Thursday, June 16, 2016


Andrew Cunningham (Hacker News):

Third parties can use Siri in six different kinds of apps, though those applications encompass a wide range of common and popular App Store offerings: audio and video calling apps; messaging apps; payment apps; apps that allow searching through photo libraries; workout apps; and ride booking apps.

That covers a lot of ground, but there’s a lot that’s missing: music and video apps like Spotify and Netflix, mapping apps like Google Maps, and third-party to-do list apps don’t fall under any of these umbrellas, possibly because they conflict too directly in some cases with Apple apps and services like Apple Maps and Apple Music (Apple Maps in particular is becoming more deeply integrated into the OS with every new update). Hopefully Siri will become more useful to a wider variety of apps later on, but for now the first-party apps are definitely still in a privileged position.

And Apple didn’t draw too much attention to it yesterday, but these Siri capabilities are only available in iOS 10, not in the newly Siri-fied macOS Sierra.

Clark Goble:

This is so inexplicable. Why can’t I pass a search to a weather app to see the weather for a city? Why can’t I start a podcast in a 3rd party podcast app like Downcast. (Honestly, that’s the time I’m using my phone in the car -- much more than sending SMS by voice) Why can’t I ask Daylite to dial a contact? Why can’t I get tomorrow weather for a city I’m traveling to from my weather app of choice?

Honestly the places they open are least useful to me.

Tim Schmitz:

Although I’m happy there’s finally a developer API for Siri, I’m disappointed that it’s limited to a fairly small set of applications for now. As a user, what I want most is for my favorite shopping and to-do list apps to get Siri integration, something that won’t be possible with what Apple announced today.

Husain Sumra:

When asked why Siri’s API is limited to certain kinds of apps, like ride-hailing services like Uber or messaging, Federighi and Schiller once again talked about Apple’s baseline philosophy. Federighi said the decision to go with those apps types was made because Siri largely understands the domains of messaging and requesting purchases, making it easier to give the keys to developers and ensure a great user experience. He also said that Apple is working to expand Siri’s familiarity with certain domains over time.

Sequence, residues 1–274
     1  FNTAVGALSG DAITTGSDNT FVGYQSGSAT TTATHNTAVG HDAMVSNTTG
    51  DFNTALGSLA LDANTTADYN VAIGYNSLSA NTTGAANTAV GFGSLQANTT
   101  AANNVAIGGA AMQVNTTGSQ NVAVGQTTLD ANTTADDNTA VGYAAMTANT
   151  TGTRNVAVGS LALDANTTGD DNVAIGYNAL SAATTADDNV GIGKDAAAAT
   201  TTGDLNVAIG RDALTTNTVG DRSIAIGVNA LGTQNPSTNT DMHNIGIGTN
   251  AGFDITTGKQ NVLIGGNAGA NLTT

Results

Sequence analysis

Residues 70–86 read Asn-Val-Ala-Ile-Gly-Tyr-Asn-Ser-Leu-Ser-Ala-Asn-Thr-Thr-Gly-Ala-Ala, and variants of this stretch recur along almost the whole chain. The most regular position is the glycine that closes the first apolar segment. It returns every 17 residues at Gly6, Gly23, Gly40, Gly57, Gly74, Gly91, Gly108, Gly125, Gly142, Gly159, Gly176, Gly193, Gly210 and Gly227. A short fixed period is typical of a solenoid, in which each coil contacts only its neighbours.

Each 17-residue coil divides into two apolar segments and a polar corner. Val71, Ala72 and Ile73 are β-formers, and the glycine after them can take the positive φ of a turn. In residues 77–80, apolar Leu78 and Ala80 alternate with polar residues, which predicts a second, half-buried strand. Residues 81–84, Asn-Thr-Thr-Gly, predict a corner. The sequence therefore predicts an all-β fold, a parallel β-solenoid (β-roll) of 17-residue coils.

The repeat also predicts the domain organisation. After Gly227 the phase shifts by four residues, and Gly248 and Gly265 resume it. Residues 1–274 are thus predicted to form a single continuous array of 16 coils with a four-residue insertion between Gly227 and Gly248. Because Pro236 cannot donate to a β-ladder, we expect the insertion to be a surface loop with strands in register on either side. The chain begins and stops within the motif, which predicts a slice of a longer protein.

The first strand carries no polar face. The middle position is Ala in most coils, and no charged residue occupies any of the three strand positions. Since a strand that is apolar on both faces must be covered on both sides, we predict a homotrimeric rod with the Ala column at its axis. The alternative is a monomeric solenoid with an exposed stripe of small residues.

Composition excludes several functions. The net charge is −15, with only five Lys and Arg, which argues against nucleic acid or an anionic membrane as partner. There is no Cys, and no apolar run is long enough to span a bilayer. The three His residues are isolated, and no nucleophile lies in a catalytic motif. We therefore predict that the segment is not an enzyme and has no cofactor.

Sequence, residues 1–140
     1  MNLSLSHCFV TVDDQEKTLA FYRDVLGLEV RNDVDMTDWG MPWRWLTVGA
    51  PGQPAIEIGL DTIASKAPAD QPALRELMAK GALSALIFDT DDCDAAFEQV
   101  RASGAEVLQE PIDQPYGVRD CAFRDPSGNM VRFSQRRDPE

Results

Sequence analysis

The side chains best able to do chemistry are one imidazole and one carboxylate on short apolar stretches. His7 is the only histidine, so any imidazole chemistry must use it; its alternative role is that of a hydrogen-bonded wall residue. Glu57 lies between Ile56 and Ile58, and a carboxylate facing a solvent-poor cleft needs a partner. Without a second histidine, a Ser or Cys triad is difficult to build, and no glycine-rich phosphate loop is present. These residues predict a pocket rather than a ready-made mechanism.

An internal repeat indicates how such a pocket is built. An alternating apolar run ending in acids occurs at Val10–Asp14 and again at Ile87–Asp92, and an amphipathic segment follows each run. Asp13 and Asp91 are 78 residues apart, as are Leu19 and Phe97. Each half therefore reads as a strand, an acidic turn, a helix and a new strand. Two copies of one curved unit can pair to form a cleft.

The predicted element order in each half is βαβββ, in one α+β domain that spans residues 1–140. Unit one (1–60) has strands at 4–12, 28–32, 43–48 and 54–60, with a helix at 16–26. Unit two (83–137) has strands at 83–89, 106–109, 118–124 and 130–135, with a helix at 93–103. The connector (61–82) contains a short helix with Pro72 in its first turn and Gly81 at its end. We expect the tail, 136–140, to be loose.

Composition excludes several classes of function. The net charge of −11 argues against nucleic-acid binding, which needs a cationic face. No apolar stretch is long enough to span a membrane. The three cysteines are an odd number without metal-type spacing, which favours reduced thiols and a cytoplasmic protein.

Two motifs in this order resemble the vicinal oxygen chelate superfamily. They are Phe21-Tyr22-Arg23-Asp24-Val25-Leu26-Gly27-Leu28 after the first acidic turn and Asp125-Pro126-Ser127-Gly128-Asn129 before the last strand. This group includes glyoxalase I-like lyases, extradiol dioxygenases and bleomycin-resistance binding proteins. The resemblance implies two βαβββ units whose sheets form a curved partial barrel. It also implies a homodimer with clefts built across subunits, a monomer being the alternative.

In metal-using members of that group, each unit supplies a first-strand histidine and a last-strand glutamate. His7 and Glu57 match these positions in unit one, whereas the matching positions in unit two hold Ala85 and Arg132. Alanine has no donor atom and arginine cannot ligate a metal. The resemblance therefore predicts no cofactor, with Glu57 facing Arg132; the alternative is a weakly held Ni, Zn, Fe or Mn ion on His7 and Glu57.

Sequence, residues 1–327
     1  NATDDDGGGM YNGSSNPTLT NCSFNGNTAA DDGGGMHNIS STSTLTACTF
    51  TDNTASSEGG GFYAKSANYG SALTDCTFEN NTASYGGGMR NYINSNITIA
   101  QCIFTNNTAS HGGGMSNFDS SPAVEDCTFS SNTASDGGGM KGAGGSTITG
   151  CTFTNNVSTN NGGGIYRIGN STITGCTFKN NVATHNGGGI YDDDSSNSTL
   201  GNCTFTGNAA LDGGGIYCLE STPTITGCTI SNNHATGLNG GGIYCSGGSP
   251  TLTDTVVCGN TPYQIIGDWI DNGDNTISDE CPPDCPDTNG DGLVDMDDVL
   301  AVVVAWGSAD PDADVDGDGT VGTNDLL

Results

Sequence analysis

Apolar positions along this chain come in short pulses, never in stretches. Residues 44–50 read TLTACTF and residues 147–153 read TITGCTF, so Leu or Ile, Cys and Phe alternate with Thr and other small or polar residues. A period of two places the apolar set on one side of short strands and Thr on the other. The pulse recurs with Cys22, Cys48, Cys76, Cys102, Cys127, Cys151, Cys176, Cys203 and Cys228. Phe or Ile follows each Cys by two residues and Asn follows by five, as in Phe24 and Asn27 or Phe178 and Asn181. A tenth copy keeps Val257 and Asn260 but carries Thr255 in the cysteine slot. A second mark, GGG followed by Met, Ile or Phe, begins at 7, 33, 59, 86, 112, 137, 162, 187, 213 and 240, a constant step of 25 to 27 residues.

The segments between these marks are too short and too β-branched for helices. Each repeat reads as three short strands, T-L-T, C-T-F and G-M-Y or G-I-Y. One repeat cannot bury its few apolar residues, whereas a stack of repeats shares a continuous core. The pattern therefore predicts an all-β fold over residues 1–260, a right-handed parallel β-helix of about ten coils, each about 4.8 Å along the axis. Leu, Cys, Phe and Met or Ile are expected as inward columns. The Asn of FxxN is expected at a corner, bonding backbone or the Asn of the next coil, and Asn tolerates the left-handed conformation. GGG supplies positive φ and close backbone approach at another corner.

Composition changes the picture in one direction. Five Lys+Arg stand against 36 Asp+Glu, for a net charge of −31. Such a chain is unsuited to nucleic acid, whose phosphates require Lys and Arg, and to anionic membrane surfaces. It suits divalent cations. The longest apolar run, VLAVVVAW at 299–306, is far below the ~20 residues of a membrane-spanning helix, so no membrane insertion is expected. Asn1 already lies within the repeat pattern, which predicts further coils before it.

I think this is fundamentally the wrong approach. Imagine how useful AppleScript would be if you could only use Apple’s standard suites. Adoption and innovation would be greatly slowed, and lots of interesting things would never be possible. Amazon’s approach of letting Alexa Skills add their own terminology makes a lot more sense. I care much more about functionality and reliability than about having lots of variant, more natural syntaxes for the basic queries.

Secondly, I’m disappointed that there is still no easy way to simply save a bunch of dictated text as a reminder (to be imported into OmniFocus). Most of the time, this is all I want to do when hands-free. Instead, if I say “Remember to,” Siri will try to parse the following text and inevitably mess it up.

See also: WWDC Session 217: Introducing SiriKit.

Update (2016-06-16): Joe Rosensteel:

Limitations of SiriKit are baffling when you think about Siri’s universal search for media on the Apple TV.

Update (2016-07-17): Steven McMurray:

In this article we’ll dive deep into how Siri works, the fundamentals of implementing Siri, and how to design a great user experience with Apple’s own personal assistant.

Update (2016-07-18): Ruffin Bailey:

I understand that this allows us to skip translation, but is that really that big a deal? Smart folk are internationalizing (there’s a better word for that; sorry) their apps now, translating labels and other text throughout. I also get that Apple might do a better job with grammar, so that there are lots of ways to get across a command in natural speech rather than forcing a strange, app-specific grammar. I don’t feel that’s a big win.

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